Munter hitch

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Munter hitch
HMS complete.jpg
Names Munter hitch, Italian hitch, Crossing hitch (ABoK #1818)
Category Hitch
Related Half hitch, Zigzag Knot (ABoK #1195), Monster Munter
Releasing Non-jamming
Typical use Belaying
Caveat Wears out the rope when used for descending

The Munter hitch, also known as the Italian hitch or the Crossing Hitch,[1] is a simple knot, commonly used by climbers and cavers as part of a life-lining or belay system. To climbers, this knot is also known as HMS, the abbreviation for the German term Halbmastwurfsicherung, meaning half clove hitch belay. This technique can be used with a special "pear-shaped" HMS locking carabiner, or any locking carabiner wide enough to take two turns of the rope. The Munter hitch is named after a Swiss mountain guide, Werner Munter, who popularised its use in mountaineering.

The hitch is simply a set of wraps using a rope or cord around an object, generally a round object like a pipe, pole or more commonly, a carabiner. Its main use is as a friction device for controlling the rate of descent in belay systems.

Method of operation[edit]

The Munter hitch creates friction by having the rope rub on itself and on the object it has been wrapped around. There is no static friction (localised abrasion) on any part of the rope as it is a continuously moving knot. One very useful aspect of the Munter is its reversibility; it can be pulled from either side of the rope and it still works just as effectively.

Use as load releasable tie off

As with most belay devices and some hitches the Munter can be tied off (dogged/dogged off) to maintain tension in a manner which is easily released under tension, this is often referred to as a Munter-Mule or MMO (Munter Mule Overhand)

The control rope (the rope not going to the load) forms a slippery hitch or slipped overhand around the load rope. The bight (loop) that is formed is enlarged and tied with one or two half hitches encapsulating both the tail of the slipped overhand and the load rope and often finished with an overhand on the bight around the encapsulated ropes or a carabiner clipped into the bight and the load rope.

Examples of when a tie off would be employed include:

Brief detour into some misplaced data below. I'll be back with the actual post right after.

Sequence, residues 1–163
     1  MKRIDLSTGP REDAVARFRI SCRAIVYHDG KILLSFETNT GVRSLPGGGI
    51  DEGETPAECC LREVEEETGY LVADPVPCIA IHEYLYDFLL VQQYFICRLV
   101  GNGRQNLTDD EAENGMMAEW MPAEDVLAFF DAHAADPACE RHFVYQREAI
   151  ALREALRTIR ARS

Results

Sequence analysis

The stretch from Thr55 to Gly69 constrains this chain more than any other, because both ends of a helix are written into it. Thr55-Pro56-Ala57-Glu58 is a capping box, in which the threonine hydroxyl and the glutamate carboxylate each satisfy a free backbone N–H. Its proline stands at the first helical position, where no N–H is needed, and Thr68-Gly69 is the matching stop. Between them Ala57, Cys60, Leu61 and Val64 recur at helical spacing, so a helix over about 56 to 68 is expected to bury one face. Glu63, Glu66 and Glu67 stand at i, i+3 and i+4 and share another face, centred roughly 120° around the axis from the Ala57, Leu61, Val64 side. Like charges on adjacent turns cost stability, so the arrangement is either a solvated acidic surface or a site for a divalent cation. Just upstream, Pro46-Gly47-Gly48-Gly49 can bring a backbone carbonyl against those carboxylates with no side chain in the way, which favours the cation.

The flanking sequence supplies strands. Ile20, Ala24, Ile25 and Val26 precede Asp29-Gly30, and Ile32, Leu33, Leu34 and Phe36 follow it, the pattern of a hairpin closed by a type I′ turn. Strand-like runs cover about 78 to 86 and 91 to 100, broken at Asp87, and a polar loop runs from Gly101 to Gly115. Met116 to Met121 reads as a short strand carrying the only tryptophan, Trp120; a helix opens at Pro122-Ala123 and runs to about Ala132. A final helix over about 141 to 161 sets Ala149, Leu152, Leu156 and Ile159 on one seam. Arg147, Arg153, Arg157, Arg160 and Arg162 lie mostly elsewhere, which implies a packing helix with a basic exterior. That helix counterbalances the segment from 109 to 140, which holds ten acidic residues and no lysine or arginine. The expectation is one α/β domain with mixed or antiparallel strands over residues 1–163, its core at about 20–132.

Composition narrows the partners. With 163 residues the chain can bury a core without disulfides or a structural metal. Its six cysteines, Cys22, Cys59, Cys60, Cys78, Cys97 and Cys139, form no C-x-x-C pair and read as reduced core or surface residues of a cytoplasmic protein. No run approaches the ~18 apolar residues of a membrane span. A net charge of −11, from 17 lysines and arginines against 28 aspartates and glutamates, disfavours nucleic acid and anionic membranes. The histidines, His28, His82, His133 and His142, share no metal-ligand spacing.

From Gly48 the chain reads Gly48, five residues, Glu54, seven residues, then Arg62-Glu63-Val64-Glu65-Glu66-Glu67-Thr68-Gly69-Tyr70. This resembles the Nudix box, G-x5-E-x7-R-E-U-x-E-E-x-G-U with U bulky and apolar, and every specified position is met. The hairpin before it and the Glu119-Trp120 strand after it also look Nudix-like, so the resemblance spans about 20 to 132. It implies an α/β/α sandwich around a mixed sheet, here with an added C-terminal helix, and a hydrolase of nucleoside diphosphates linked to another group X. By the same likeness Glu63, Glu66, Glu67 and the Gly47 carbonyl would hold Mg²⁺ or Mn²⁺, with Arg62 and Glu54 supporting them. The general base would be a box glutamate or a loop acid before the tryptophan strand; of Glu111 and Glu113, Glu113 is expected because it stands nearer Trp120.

tensioning the line for use as a track line, fall restraint line, restraining/guying purposes.

When a belayer needs to transfer the load from his harness to the anchor to escape the system: a rope grab (mechanical or friction knot/Prusik) is placed on the load line towards the load, rope is terminated on the rope grab (or the tails of accessory cord are used when using a cordelette with a Prusik as a rope grab) and runs back to the anchor where a Munter mule is tied under tension. The load can then be lowered (transferred) from the original belay onto the Munter Mule via the rope grab. The new line is often consider independent of the safety system so the original belay needs to be maintained throughout the process and secured back to the anchor before the system can be left unattended.

Setting up a belay system using the Munter hitch[edit]

A belay system incorporating the Munter Hitch is the same as any other belay system, which incorporates a belayer to tend the rope and an anchor, which secures the belay system and belayer.

There are several advantages to the Munter Hitch. It requires no additional hardware other than a carabiner. It's also the most common belay system which locks with the brake hand in line with the load, and as such is a more suitable method for direct belays than using a normal belay plate.[2] This can be useful when the anchor, carabiner and Munter hitch are above or behind the belayer whilst attention is paid to the loaded end of the rope. It can also more effectively dissipate heat than a belay device because no two surfaces of the rope are in contact with each other for more than an instant.

However, it places more bends in a rope than other belay methods, and creates significantly more friction on the outer sheath. Another disadvantage is that it can introduce significant twists to the rope. It is a versatile knot to know and can be used for full rope length vertical descents without the need for gloves.

The friction of the rope against the screw on their carabiner can cause the screw to undo and the carabiner to open, potentially weakening the strength of the carabiner, or allowing the rope to escape the carabiner completely.

Military use[edit]

The Munter hitch is taught on Australian military roping courses as a simple and effective method for descending steep or overhanging terrain with combat equipment and can also be used for lowering heavy stores or casualties, the only equipment required being a harness or webbing seat, a locking carabiner, and a rope.

Arboreal usage[edit]

For the recreational tree climber or working arborist, the Munter is useful to know as a reliable lowering knot for moderate loads. This hitch performs well on both 16 strand arborist climbing lines and the 11 mm double braid lines like Blaze and Velocity.

Tower technicians[edit]

Tower technicians also use this knot for lowering loads, and tagging heavy loads while hoisting. It is commonly referred to in the tower industry as a tag knot.

See also[edit]

References[edit]

  1. ^ Clifford W. Ashley. The Ashley Book of Knots. Doubleday, 1944. p.306.
  2. ^ S. Long, The Climbing Handbook, 64

External links[edit]